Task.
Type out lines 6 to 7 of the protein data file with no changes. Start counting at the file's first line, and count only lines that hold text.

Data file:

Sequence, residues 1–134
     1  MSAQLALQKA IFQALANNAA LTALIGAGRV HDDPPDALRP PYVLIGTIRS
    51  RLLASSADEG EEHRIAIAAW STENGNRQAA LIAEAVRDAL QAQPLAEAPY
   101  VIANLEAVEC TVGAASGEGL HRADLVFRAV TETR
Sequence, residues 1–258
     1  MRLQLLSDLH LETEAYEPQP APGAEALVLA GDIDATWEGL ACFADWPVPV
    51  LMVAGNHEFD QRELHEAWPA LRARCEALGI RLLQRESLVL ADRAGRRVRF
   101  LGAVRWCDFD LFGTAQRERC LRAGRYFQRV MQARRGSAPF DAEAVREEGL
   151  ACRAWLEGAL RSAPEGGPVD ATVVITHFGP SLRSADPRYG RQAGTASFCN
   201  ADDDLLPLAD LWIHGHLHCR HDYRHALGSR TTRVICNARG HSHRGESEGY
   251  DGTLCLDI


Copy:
     1  MRLQLLSDLH LETEAYEPQP APGAEALVLA GDIDATWEGL ACFADWPVPV
    51  LMVAGNHEFD QRELHEAWPA LRARCEALGI RLLQRESLVL ADRAGRRVRF